philip lowe rba
RBA Governor, Philip Lowe. Source: RBA website.
  • The official cash rate remains unchanged at 4.10%.
  • The last rise was in June.
  • Given inflation is still high, future rate rises are not out of the question.

The Reserve Bank of Australia (RBA) has decided to leave the cash rate unchanged at 4.10%, which marks a consecutive hold on interest rate rises.

Finder‘s July survey showed that 72% of over 40 experts believed the RBA would elect to hold rates, with more than a few citing slowing inflation as the primary reason.

Reserve Bank Governor, Philip Lowe, said the decision to not raise the cash rate came down to establishing a more sustainable balance between supply and demand in the economy, as well as uncertainty surrounding the economic outlook.

“Inflation in Australia is declining but is still too high at 6%,” he said.

“Goods price inflation has eased, but the prices of many services are rising briskly. Rent inflation is also elevated.”

Lowe added that some further tightening of monetary policy may be required to ensure that inflation returns to target in a reasonable timeframe, but that will depend upon the data and evolving assessment of risk.

“In making its decision, the Board will continue to pay close attention to developments in the global economy, trends in household spending, and the outlook for inflation and the labour market.”

Impact of previous hikes continues to be felt

Ray White Commercial Western Sydney managing director, Peter Vines, says that today’s announcement will have little impact on the commercial property market, as borrowers are already at a maximum when it comes to servicing their loans due to the impact of previous rate rises surfacing.

“We’ve already seen the impacts the rate rises have had with slowed consumer spending, banks tightening lending and properties liquidating in due course,” he said.

“Although this announcement won’t make any immediate changes, there is still significant pressure on the market.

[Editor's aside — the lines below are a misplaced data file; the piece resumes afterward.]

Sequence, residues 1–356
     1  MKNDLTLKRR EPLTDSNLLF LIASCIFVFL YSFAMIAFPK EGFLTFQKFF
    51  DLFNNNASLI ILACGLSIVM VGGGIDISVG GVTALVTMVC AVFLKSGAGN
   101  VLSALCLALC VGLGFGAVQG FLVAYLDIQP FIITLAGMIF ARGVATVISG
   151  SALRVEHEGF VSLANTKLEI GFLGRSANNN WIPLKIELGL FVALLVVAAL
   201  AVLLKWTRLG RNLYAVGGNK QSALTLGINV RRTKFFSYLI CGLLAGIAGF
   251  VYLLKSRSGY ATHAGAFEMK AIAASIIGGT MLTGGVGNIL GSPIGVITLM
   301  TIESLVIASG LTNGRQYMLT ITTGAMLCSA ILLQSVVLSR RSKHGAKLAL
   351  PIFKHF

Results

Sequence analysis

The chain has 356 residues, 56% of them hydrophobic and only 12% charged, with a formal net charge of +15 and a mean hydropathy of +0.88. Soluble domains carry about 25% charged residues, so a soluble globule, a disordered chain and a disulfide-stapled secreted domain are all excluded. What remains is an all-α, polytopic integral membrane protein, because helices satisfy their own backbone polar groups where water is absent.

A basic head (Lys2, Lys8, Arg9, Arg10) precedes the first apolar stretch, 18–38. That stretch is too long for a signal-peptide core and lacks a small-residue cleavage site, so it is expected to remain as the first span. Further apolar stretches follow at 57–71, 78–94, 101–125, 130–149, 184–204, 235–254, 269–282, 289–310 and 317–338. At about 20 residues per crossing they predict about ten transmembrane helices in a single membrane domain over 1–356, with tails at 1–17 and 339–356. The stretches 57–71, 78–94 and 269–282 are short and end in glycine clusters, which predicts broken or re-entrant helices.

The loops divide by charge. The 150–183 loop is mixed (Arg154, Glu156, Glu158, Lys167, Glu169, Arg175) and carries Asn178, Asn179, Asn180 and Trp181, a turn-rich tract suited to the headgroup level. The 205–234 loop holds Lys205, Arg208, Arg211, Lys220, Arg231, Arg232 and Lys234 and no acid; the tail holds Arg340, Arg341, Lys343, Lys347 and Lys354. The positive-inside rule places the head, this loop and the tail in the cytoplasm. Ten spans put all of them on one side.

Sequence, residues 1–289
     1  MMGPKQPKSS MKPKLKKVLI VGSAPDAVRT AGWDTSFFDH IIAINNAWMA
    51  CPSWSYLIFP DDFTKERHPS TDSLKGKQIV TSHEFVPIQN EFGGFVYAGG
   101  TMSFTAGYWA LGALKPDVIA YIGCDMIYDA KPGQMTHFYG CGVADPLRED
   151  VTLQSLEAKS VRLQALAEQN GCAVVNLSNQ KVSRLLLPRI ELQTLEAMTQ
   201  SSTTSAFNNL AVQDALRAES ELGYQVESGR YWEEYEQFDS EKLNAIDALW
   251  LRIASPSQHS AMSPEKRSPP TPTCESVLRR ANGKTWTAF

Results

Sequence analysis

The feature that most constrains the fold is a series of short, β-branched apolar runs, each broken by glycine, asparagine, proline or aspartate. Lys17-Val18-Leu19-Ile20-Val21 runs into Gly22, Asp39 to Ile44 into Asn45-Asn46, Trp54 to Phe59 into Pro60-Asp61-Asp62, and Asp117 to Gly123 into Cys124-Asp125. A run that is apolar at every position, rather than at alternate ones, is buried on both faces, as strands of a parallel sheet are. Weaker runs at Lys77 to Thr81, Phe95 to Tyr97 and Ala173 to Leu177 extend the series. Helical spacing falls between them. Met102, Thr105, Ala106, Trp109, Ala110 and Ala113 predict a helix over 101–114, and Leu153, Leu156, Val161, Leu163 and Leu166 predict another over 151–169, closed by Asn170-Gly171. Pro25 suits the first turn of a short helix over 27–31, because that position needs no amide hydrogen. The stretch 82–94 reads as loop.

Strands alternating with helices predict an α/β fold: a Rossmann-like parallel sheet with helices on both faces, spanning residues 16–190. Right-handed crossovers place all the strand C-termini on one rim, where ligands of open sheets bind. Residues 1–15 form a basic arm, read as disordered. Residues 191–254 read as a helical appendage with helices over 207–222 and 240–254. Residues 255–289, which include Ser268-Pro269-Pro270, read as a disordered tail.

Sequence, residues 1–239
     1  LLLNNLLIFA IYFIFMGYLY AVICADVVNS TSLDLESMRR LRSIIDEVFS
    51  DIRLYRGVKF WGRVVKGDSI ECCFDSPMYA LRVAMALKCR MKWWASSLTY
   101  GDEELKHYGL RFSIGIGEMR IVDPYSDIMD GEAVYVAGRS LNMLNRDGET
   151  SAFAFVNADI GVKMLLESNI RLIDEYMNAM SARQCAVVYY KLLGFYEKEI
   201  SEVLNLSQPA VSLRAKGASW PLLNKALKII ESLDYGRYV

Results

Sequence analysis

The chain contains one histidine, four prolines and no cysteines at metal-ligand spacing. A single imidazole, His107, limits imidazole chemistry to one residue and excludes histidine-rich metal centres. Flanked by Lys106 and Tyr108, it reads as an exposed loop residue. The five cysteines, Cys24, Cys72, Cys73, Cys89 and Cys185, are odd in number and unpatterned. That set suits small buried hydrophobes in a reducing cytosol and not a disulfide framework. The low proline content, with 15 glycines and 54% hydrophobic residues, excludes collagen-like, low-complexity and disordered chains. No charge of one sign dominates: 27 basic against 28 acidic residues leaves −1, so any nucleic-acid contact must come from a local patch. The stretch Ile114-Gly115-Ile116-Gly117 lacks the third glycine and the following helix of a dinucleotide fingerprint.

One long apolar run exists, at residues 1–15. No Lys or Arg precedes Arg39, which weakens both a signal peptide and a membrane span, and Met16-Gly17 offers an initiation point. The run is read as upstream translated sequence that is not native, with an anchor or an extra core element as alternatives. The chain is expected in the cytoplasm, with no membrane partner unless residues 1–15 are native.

“Investors have been sitting on the fence for some time, with many investing in their super funds in the current market to avoid taking any risk.

“There has also been an increased level of mortgagee possession sales and receiver sales.”

Pause may boost buyer demand

LJ Hooker head of research, Matthew Tiller, said the pause is another boost to buyer demand.

“[It] will give those with pre-approval the confidence to act without incurring more costs or worrying about the serviceability of their home loan,” Tiller said.

“It allows transactions to go ahead without the stop-and-start of buyers going back to their lender and renegotiating which is what was happening when we were seeing monthly increases.

“While this is good news ahead of the spring market, we need to see the decline in inflation continue at the same pace, if it remains sticky then there is a chance they will increase rates again – so, we may not be at the end of the cycle just yet.”

Inflation is still too high

PropTrack senior economist, Eleanor Creagh noted that the slower pace of consumer spending and inflation had eased the pressure off the RBA to continue lifting interest rates.

“This allows more time to assess the economic outlook as it tries to engineer a soft landing whilst returning inflation to target,” she said.

However, Creagh added that inflation is still too high, and given that, further rate rises are not out of the question.

CoreLogic research director, Tim Lawless, agreed with Creagh’s assessment that further rate rises could be on the horizon, but for the housing sector, the latest decision is positive news.

“A growing expectation that interest rates have peaked, or are near a peak, should help to lift consumer sentiment from the recession-like lows that have persisted over the last nine months,” he said.

“Consumer confidence and housing activity go hand in hand. Generally, when sentiment is low, homes sales are low and vice versa; so, any lift in sentiment is likely to be accompanied by a rise in active buyers and sellers.”



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